Header image: The Red Howler Hot Sauce from CHOW

If you ever need to get your bearings while travelling across the U.S., just check the hot sauce that’s on the table. A bottle of Frank’s Red Hot is a likely sign that you’re somewhere north of the Mason-Dixon line, while the sombrero-wearing visage staring from a Tapatio label means you’re out by the California coast. Or if you’re in Louisiana cajun country, keep an eye out for Crystal, Tabasco, or one of the many other fiery condiments that hail from the bayou. But don’t expect to find much Texas Pete in the Lone Star state—it actually comes from the inland hills of North Carolina.

Any of the sauces listed here can be found in grocery stores nationally, yet preferences and tastes for each are often divided down state lines. You could even say that in the same way that regional wines often pair best with regional foods, so do hot sauces.

So which sauce with which dish? Let’s find out.

1. Frank’s Red Hot


Frank’s is a cayenne pepper sauce with origins in Cincinnati. But it really rose to fame a bit further to the east in Buffalo, where it became the signature ingredient in the city’s namesake wings. It has an unmistakable tanginess to it that is essential in any recipe calling for buffalo flavor. But that tang is kind of out of place elsewhere. Stick to chicken with this one. Get our Easy Buffalo Wings recipe.

2. Crystal


Crystal is the hot sauce that makes Louisianans get nostalgic: even the sign that tops their former New Orleans location is something of a local landmark. Made with aged cayenne peppers, Crystal has a mild bite to it that pairs perfectly with Creole foods. Use it to spice up your jambalayas, gumbos, and dirty rice. Get our Wild Rice Jamabalaya recipe.

3. Tabasco


Tabasco is the second-best selling hot sauce in the U.S. (behind Frank’s), with a perch as the ubiquitous, all-purpose hot sauce that can be found on diner tables far and wide. It’s heavy on the vinegar, which can sometimes make it a bit overpowering on foods. But that acidity works perfectly in the places where it’s meant to shine, like in a brusque and bracing Bloody Mary. Get our Basic Bloody Mary Mix recipe.

4. Huy Fong Sriracha


Although sriracha has its roots in Thailand, it took a California company to make it an American icon. The sweet, mild, and thick stuff produced by Huy Fong can be found on the tables of virtually every pho and banh mi joint in the nation, although it also has ardent fans who will seemingly put it on anything and everything. Use it on fusion-y recipes that are full of SoCal attitude, like this veggie-heavy ceviche. Get our Spicy Sriracha Ceviche recipe.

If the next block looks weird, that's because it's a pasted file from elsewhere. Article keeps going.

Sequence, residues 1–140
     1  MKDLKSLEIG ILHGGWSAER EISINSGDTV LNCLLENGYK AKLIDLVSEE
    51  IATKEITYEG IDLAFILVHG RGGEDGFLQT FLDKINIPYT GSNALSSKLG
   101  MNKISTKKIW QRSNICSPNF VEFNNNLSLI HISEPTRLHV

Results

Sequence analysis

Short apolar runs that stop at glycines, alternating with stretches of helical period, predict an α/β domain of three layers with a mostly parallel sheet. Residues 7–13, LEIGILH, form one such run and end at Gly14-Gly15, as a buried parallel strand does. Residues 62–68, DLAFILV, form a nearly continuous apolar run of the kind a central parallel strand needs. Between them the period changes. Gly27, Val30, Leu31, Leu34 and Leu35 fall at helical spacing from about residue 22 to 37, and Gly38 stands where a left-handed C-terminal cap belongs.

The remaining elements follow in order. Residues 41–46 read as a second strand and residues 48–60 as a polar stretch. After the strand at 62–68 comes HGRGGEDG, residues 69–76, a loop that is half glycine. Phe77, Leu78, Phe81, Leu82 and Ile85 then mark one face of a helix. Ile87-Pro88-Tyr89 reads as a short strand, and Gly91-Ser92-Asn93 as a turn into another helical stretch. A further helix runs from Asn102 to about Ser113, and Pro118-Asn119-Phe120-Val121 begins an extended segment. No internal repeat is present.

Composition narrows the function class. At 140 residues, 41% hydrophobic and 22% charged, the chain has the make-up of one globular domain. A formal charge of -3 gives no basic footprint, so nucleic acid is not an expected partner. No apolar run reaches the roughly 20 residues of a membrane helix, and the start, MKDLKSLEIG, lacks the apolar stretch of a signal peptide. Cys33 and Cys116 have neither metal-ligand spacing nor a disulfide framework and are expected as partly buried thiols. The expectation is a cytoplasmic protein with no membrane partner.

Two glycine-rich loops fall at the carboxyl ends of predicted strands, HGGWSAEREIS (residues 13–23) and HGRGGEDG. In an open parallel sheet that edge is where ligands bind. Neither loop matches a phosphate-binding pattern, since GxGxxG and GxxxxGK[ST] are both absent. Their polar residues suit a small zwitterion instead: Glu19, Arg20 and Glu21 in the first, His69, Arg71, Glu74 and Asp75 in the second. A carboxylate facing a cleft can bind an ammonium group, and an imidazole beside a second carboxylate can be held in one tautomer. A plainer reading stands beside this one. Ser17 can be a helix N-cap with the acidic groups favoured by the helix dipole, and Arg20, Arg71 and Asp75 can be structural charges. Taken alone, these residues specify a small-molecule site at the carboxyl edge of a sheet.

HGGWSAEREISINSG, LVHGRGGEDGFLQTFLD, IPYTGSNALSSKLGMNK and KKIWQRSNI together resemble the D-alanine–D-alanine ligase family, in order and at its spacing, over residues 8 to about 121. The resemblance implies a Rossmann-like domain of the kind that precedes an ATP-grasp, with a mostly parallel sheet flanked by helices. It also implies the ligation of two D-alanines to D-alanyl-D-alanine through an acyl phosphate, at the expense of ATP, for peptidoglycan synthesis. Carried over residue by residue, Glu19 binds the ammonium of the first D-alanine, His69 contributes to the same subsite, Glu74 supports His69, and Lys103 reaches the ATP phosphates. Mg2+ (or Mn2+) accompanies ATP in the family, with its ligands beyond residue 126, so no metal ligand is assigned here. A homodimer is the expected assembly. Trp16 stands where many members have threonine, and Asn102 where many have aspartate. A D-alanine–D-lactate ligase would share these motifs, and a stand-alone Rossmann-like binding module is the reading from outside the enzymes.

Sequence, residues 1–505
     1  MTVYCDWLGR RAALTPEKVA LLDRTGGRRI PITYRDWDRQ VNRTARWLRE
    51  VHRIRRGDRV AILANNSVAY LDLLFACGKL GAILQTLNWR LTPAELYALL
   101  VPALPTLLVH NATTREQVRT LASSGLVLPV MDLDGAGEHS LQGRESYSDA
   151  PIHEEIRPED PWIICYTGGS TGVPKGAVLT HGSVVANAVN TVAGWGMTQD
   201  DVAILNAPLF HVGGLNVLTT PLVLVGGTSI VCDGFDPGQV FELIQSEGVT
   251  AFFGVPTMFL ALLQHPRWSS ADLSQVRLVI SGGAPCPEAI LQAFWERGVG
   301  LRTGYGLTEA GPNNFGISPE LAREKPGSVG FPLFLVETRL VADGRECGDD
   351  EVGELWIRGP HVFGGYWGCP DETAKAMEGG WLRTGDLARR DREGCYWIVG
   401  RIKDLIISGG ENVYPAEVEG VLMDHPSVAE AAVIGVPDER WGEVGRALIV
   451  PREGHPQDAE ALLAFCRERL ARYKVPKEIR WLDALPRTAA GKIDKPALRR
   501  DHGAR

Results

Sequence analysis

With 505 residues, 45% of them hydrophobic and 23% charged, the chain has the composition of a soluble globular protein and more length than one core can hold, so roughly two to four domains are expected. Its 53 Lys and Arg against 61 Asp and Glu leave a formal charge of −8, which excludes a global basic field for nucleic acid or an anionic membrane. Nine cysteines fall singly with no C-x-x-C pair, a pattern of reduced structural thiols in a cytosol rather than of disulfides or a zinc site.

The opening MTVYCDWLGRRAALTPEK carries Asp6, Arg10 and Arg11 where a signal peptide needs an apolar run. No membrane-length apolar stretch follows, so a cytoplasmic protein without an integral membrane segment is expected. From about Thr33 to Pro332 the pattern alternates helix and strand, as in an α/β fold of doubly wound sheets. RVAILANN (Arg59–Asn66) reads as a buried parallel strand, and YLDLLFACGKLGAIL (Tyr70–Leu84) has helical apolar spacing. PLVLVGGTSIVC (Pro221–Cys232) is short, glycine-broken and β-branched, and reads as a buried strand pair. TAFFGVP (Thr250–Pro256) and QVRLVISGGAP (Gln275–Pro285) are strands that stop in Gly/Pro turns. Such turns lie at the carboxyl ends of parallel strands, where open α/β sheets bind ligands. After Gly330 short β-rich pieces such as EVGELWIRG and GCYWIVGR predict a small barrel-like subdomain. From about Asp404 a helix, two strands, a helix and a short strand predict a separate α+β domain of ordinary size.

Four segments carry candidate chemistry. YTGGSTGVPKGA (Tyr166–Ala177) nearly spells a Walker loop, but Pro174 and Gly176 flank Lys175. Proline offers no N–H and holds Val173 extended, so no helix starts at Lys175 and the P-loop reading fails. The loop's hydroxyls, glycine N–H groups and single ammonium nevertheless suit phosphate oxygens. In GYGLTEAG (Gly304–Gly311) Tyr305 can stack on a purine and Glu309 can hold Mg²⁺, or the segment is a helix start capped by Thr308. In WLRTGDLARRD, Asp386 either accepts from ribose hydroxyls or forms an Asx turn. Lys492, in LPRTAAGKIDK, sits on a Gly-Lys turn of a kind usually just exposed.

5. Texas Pete

The Meatwave

On the outside, Texas Pete has a bit of an identity crisis: it’s a Louisiana-style hot sauce with a Texan cowboy mascot made in Winston-Salem, North Carolina. But behind all the fuss, it’s pure Southern, with origins as the house sauce at a Carolina barbecue restaurant. Texas Pete doesn’t have the complexity or character that would make you want to keep it at the ready to dab on your food. But it’s still a solid workhorse sauce that will always have a place on barbecued pulled pork. Give it a shot in this Carolina vinegar sauce recipe from The Meatwave. Get the recipe here.

6. Cholula


Cholula is made in Jalisco, Mexico, but it has an especially strong following in Texas, where it was first introduced in the U.S.. Made from pequin and arbol peppers, it has a bright, direct heat to it that comes through clearly when used to top heavy Tex-Mex dishes. Drizzle it onto your nachos or pour it over some hard-shell beef tacos. Get our Crispy Ground Beef Tacos recipe.

7. Tapatio


Tapatio is the creation of Jose-Luis Saavedra, a Guadalajaran immigrant to Los Angeles—it’s still manufactured just outside the city. A bit sweeter and milder than Cholula, it has a gentle heat that works well across the board, but especially on morning egg dishes where you want just a hint spice to perk up your tastebuds. Try it on this chilaquiles-inspired loaded casserole. Get our Chilaquiles Breakfast Casserole recipe.

Miki Kawasaki is a New York City–based food writer and graduate of Boston University’s program in Gastronomy. Few things excite her more than a well-crafted sandwich or expertly spiced curry. If you ever run into her at a dinner party, make sure to hit her up for a few pieces of oddball culinary trivia.
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